By: Bijou Kruszka
Have you ever been looking for something to read, but you can only find recommendations for ‘The Hunger Games’ or ‘Divergent’? They’re fine books, but most have read them already. If you want something fresh to read, try these novels.
In this series, by Marissa Meyer, who you may recognize as the author of ‘The Lunar Chronicles’, Nova Artino infiltrates a superhero team to try and get revenge for her parents’ death. But when she bonds with Adrian Everhart, the son of the main superheroes, Nova doubts her beliefs. The series has a diverse cast of characters and interesting ideas about right versus wrong.
2. ‘We Are The Ants‘
‘We Are The Ants’ is a beautifully tragic novel about Henry Denton, a high-schooler with a terrible life, who gets abducted by aliens. In one particular abduction, the aliens allow him to save Earth by pressing a button. He’s determined to not press the button, but when he returns to Earth, he meets Diego, whose positivity and love make Henry wonder whether he should destroy the planet or not. Henry is cynical as a narrator, which is rather refreshing for a YA book. Also, for a book as sci-fi as it is, it is incredibly real, and most readers could probably connect with Henry in one way or another.
3. ‘Nevermoor: The Trials Of Morrigan Crow‘
If you’re looking for another fantastical world on the level of ‘Harry Potter’, without having to think about the problematic views of the author, I wholeheartedly recommend the ‘Morrigan Crow’ series. The first book follows Morrigan Crow, a young girl cursed to die on her 11th birthday. When she is rescued from death by Jupiter North, he takes her to the magical realm of Nevermoor, a world filled with magic and interesting characters. To stay in Nevermoor, Morrigan must participate in the trials to enter the Wundrous society. The world of Nevermoor is very immersive and creative, and the dynamic between Morrigan and any other characters she meets is great.
4. ‘Aru Shah and the End of Time’
If you miss ‘Percy Jackson’, with its modern takes on mythology, and its genuinely good comedy, then look no further than ‘Aru Shah’. This series recently ended in January, and it’s fantastic. Aru Shah, in an effort to impress some kids at school, accidentally incites the end of the world. To fix her mistake, she must team up with Mini, a timid girl with extensive and disturbing knowledge of medical things, and Boo, a sarcastic pigeon. Hijinks ensue. This book does it all — incorporates Indian mythology into modern situations, has pop culture references abound, and a cast of well-developed characters.
5. ‘The Line Tender‘
Words cannot describe how much I love ‘The Line Tender’. The book begins with Lucy and her best friend, Fred, creating a scientific journal about sharks for extra credit in their science class. When a beached shark suddenly disappears, it looks like the book will be turning into a light-hearted mystery, but then the story takes a hard turn away from that. When Lucy experiences a huge loss, the novel turns into a painting of grief and how to deal with it. The book is tragic, but also beautiful. Plus, the author lives in Minneapolis, so reading this, you’re supporting a local author.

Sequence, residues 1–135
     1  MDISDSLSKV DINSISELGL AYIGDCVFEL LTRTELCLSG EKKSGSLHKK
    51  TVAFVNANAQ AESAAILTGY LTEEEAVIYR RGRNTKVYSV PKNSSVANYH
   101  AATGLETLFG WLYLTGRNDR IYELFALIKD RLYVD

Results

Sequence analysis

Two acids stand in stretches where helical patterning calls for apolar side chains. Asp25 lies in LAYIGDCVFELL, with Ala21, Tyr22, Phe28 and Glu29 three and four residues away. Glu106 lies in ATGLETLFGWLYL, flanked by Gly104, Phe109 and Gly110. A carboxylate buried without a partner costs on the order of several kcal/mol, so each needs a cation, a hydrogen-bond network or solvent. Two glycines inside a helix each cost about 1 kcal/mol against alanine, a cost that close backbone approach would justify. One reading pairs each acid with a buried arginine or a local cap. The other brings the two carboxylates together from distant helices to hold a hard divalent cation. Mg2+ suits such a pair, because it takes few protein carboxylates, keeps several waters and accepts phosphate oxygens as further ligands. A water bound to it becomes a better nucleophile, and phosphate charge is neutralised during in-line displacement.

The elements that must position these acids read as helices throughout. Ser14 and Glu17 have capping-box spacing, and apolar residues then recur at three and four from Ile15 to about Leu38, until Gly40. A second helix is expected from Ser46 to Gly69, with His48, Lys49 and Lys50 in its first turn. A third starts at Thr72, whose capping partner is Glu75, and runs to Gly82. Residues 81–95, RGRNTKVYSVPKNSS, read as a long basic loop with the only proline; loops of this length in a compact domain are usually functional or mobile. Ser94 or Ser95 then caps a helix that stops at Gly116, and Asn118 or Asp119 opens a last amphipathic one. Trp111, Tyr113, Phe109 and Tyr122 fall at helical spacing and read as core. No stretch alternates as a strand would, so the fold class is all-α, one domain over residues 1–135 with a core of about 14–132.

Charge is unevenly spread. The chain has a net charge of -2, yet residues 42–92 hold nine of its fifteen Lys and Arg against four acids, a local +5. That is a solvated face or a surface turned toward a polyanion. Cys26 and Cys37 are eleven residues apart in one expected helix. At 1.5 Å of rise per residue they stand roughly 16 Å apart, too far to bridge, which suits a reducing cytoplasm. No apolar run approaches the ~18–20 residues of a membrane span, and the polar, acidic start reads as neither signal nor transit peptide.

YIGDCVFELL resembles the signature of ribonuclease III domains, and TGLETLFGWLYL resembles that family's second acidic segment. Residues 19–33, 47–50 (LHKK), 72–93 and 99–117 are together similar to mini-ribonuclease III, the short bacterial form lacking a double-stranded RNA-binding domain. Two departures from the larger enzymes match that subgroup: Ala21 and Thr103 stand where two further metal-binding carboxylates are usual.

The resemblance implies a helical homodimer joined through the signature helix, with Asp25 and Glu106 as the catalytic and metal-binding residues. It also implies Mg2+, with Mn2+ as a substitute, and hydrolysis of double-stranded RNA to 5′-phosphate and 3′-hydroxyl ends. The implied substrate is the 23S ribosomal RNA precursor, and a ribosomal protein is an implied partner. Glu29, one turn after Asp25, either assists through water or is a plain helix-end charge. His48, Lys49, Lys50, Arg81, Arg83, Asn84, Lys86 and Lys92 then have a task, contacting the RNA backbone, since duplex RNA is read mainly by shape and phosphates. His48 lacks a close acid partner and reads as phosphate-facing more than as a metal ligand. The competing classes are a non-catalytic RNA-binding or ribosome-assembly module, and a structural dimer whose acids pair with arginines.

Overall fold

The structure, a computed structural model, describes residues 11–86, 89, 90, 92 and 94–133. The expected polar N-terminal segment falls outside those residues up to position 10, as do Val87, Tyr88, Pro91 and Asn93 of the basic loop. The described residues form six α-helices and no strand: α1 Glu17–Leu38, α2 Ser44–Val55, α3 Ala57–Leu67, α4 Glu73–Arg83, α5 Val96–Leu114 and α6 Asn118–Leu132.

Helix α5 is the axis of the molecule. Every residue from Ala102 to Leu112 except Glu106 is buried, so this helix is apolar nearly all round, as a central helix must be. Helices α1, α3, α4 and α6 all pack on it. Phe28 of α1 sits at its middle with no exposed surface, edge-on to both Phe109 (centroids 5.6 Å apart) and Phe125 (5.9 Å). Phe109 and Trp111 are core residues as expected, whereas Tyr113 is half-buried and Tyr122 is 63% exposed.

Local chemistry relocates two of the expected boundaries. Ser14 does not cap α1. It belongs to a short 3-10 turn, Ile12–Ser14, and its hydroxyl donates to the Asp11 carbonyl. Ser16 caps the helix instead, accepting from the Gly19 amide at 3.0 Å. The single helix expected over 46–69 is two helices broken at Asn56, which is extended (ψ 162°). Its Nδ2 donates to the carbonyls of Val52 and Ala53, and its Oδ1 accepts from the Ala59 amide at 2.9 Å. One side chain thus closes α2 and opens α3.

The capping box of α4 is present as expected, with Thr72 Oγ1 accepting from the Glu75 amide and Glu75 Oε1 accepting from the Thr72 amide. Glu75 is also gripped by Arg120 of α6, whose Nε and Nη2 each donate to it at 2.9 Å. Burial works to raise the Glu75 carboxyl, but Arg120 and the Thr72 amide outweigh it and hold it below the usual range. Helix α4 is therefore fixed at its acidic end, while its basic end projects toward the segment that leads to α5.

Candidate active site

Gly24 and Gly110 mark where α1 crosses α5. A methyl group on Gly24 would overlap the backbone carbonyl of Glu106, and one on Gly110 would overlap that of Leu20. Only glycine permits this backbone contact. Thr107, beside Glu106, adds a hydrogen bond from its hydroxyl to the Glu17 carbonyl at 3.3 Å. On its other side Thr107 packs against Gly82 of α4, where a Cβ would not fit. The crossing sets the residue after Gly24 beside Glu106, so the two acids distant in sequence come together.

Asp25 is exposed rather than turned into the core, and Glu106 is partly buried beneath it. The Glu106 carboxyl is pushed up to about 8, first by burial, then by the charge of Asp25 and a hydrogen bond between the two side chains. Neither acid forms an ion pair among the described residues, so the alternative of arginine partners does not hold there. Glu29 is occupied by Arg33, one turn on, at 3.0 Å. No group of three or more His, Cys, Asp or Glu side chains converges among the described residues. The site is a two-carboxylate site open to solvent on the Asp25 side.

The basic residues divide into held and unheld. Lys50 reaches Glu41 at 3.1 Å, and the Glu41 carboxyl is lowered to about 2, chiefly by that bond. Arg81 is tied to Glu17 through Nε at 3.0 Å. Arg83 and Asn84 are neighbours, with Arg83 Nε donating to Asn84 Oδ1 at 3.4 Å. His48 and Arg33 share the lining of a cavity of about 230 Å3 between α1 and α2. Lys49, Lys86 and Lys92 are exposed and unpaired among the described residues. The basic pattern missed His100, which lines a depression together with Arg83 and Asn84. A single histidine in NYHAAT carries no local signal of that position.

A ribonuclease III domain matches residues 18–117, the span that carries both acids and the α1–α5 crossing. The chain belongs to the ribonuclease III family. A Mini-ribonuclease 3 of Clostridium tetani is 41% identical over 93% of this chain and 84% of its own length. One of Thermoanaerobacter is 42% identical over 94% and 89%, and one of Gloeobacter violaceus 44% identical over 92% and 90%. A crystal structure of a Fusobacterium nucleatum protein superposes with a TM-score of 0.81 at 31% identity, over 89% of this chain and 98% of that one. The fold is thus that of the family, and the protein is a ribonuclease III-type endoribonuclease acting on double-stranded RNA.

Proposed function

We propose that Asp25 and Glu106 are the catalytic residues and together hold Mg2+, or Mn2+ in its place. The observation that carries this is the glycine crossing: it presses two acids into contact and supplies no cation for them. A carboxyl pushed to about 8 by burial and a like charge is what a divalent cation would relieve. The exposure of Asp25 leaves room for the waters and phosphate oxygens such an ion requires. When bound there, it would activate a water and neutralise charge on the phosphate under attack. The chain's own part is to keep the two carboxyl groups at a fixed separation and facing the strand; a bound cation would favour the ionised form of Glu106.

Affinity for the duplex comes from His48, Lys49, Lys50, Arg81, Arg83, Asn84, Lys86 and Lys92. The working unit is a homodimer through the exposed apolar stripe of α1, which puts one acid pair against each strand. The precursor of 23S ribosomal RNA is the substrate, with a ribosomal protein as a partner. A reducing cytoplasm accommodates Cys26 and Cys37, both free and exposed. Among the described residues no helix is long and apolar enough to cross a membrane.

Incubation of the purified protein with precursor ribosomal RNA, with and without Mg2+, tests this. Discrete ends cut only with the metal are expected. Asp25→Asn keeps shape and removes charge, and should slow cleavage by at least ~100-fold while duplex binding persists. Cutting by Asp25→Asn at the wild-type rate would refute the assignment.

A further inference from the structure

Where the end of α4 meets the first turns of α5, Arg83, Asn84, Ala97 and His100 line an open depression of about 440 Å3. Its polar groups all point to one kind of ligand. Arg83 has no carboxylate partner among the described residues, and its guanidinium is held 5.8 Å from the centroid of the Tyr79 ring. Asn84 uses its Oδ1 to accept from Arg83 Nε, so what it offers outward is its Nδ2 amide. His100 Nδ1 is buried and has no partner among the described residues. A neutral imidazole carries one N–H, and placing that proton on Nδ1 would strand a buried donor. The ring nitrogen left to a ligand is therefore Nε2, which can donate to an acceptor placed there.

6. ‘Welcome to Night Vale‘
Both fans, and non-fans, of the hit podcast of the same name can find something to like in this novel. Single mom Diane Crayton and antique shop owner Jackie Fierro work together to solve the mystery of the enigmatic man in the tan jacket, whose face no one can seem to remember. The magical and mysterious town of Night Vale is a cool setting, and you won’t see the end coming.
‘Legendborn’ follows Bree, an African-American college student grieving the recent death of her mother, who discovers a secret society called the Legendborn, made up of descendants of members of the round table. When she joins their ranks, she sees the bigotry behind the Legendborn. With an epic battle on the horizon, Bree has to decide whether to fight with them or take them down. Though heavy with exposition, the representation in this novel is abundant, and the main character is more likable than most.
8. ‘Skulduggery Pleasant‘
‘Skulduggery Pleasant’ is about a teen girl named Stephanie as she teams up with a talking skeleton named Skulduggery Pleasant to solve her uncle’s murder. The magical setting of this world is original, and the character of Skulduggery Pleasant, though odd in concept, is a very likeable protagonist.
9. ‘The Unexplainable Disappearance of Mars Patel‘
Also based on a podcast, ‘The Unexplainable Disappearance of Mars Patel’ is creative and works really well in a novel form. Mars Patel’s friend is missing, and nobody seems to care. He is determined to find her, and finds out disturbing things about his idol along the way. The cast of protagonists are all very distinct and likable, and the end has a huge plot twist that you won’t see coming.
‘Star-Crossed’ is about a girl named Mattie who auditions for a small part in her school’s production of ‘Romeo and Juliet’. In a turn of events, Mattie has to play Romeo. To top it all off, Gemma, the cute new girl is playing Juliet. This book has an adorable romance and it has discussions about bisexuality that I haven’t seen in other novels.
This concludes my list. Happy reading!